And what should be done with the current stock of external debt?
A friendly restructuring should bring the optimal outcome for both the country and its creditors. A five-year extension to allow the government the necessary wiggle-room as it gets its house in order – implying a haircut on current debts, but lower than what’s implied on current bond prices – will work a long way towards easing the foreign exchange constraint.
Research shows that preemptive credit events are usually shorter in duration and entail lower welfare losses
I imagine day one of the stabilization plan combining three key announcements: immediate, overnight liberalization of all prices of goods and services; a well thought out plan to liberalize the foreign-exchange market, aiming for a stable and competitive real exchange rate or SCRER (a stable and competitive real exchange rate — i.e., a managed float of the local currency, aiming to keep it undervalued versus the dollar); and a preemptive debt restructuring plan.
After asking him about the rationale behind the three-legged plan, Vera answers without hesitation,
Research shows that preemptive credit events are usually shorter in duration and entail lower welfare losses; besides, a new government has to take swift action if it wants to establish credibility. Gradualism is uncalled for in this context given the magnitude of the loss in economic activity already suffered. In fact, there’s the likelihood of an ‘expansionary adjustment’, in which the pros of easing the foreign-exchange constraint and reigniting local industry in a competitive environment far outweigh the cons of unwinding the system currently in place. Venezuela is a prime candidate for experiencing such a macroeconomic rarity.
“OK, that makes sense,” I say, perplexed at the thought yet convinced at the explanation.
“Tell me a bit more about how to make the FX market work again,” I press him. “It seems like a very tall order, given our 14-year-old history of rigid price controls and that the official market structure has been dismantled. Not to talk about the immense disparities between the official and the black-market rates. What’s the key for success?”
First of all, you need ammo. This’s what the $20 billion IMF loan is meant for. Remember, swift action: it’s as simple as determining the current value of the SCRER (somewhere between the official and the black-market rate) and directing the BCV as the sole government source of foreign exchange to commit to sell dollars there in potentially unlimited quantities. You need a strong-enough buffer of hard currency to fight against speculators, but you also need to be realistic in the ‘opening’ market rate, and allow the rate to float in line with inflation dynamics to avoid currency overvaluation.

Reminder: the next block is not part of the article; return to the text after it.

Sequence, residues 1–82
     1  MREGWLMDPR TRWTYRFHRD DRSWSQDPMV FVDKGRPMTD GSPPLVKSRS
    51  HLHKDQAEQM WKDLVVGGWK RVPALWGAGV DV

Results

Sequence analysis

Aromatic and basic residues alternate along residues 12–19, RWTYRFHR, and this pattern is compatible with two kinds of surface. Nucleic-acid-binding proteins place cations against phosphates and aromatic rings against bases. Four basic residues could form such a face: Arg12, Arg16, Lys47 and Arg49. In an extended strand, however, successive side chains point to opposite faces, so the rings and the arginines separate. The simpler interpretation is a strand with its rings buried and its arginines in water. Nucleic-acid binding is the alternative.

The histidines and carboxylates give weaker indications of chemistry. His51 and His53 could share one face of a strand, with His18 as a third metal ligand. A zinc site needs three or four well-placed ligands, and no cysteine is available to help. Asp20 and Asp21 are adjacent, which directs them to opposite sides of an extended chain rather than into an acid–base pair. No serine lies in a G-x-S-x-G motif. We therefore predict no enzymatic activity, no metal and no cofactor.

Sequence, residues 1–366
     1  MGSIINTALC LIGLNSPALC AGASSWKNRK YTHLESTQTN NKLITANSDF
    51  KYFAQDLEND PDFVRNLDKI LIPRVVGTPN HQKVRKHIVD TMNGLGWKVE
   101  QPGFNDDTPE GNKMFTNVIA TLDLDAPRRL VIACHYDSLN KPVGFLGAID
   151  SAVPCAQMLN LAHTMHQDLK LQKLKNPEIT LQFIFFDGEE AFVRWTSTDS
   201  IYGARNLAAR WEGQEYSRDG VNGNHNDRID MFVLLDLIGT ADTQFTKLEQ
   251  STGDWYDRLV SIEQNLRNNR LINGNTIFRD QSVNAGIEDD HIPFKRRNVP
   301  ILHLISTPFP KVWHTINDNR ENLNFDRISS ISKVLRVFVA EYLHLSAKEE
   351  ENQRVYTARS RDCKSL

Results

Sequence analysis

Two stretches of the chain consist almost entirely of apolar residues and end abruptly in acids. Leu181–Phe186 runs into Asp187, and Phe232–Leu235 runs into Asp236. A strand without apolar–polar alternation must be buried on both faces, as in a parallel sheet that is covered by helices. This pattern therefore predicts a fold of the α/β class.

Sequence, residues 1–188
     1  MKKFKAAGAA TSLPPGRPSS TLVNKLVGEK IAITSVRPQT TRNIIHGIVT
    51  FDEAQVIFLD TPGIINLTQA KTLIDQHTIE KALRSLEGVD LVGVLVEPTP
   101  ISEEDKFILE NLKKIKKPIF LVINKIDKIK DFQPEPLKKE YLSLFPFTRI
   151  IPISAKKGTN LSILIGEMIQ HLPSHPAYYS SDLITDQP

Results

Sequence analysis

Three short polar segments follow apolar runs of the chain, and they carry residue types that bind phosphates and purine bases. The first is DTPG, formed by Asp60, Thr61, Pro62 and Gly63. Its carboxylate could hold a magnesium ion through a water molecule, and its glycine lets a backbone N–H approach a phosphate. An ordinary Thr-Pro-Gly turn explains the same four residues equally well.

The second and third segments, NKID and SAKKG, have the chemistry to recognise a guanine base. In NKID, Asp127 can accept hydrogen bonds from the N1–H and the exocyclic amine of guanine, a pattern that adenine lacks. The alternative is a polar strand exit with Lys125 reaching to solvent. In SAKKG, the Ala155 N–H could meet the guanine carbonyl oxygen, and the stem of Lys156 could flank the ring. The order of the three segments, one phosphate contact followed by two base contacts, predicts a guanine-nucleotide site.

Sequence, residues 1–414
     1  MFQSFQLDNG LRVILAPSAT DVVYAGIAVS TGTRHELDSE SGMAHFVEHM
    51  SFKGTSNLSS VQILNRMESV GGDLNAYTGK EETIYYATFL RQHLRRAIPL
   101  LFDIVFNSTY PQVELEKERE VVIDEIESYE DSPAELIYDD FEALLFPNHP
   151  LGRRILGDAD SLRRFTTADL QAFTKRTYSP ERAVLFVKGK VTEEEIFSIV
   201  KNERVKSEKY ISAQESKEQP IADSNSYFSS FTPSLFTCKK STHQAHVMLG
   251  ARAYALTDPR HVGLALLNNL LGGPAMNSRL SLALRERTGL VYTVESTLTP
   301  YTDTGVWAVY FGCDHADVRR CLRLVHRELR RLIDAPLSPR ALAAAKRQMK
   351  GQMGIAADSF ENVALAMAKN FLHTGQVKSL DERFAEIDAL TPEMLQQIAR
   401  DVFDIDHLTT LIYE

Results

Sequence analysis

“Of course, there also needs to be a reason to own bolivars other than for transaction purposes,” I chip in, remembering the finance side of the question.
“Bank deposits with liberalized rates can do the trick in the short term,” he shoots back. “You’d need to develop capital markets to attract a greater flow of FDI and portfolio investment, but that’s a long-term goal and beyond the scope of a stabilization program.”
All moving parts start to click together in my head. There’s just this one pending issue.
Professor, these measures make a lot of sense. But what about inflation? You’re talking about a sizeable one-off shock, plus the impact of inertial inflation and a persistent fiscal deficit that doesn’t look as easy to fix. What has to be done in that front?
Vera actually cracks a smile as he explains the next bit.
“Here’s when the plan gets tricky,” he says.
In theory, you can kill two birds with one stone: if the government dramatically increases the price of dollars sold in line with the SCRER, fiscal revenues will jump likewise, getting rid of the main reason why the government’s been printing money so aggressively in recent years. However, devaluing the official rate will only improve the fiscal balance if we manage to get an external surplus (ie. Greater dollar revenues than dollar outflows); that’s where the 5-year loan extension comes in. Each part helps towards improving the external and fiscal balances in the short term will reduce the need for monetary expansion to plug the holes in the government’s books.
This new currency plan needs to be thoroughly explained and discussed with the public; it requires a massive change in the way Venezuelans think about their currency, the economy and their role in it.
About inertial inflation: it’s true, that’s a tricky issue to deal with. In Venezuela, persistence in inflation is mostly due to staggered price adjustment mechanisms. Prices of goods and services change at different points in time, mostly as a response of price hikes by other market participants in a sort of distributional conflict. The Law of Fair Costs and Prices made the situation worse by adding an explicit indexation mechanism; ironically, setting a cap on profit margins at a flat 30% means any price increase in an intermediate good is reflected tit-for-tat in the price of the final product, without the cushion provided by changing profit margins.
That right there is Professor Vera’s number two pick for legislation that needs to be changed ASAP. But number three is the trickiest:
Venezuela can apply the Brazilian experience of the 1990s under Fernando Henrique Cardoso and adapt the Plan Real. The idea would be to create a new currency, but first using it only as a unit-of-account and pegging it to the dollar, in order to guide expectations towards the SCRER. This new currency plan needs to be thoroughly explained and discussed with the public; it requires a massive change in the way Venezuelans think about their currency, the economy and their role in it. It’s going to test the resilience of the new government undertaking the plan, but with a potential upside: if successful, it will result in a massive boost in political capital. Cardoso easily won his presidential bid after the Real seamlessly entered the economy under his watch, bringing inflation to a screeching halt, down from four to single digits in little over a year. This is the kind of victories that shape the political landscape forever, for good.
Professor Vera, deep down, is an optimist: and to hear him talk about his stabilization plan in this way gave me a lot of hope for the future. There’s a way to bring the country back from the abyss.
All we need is a change of heart.